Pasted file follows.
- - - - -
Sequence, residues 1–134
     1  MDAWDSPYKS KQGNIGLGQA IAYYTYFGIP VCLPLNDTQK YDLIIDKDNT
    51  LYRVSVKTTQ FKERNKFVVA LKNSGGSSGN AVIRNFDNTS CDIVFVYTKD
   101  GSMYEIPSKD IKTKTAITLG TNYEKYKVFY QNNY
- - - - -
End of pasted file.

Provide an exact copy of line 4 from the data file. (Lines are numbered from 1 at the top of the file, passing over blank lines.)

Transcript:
   101  GSMYEIPSKD IKTKTAITLG TNYEKYKVFY QNNY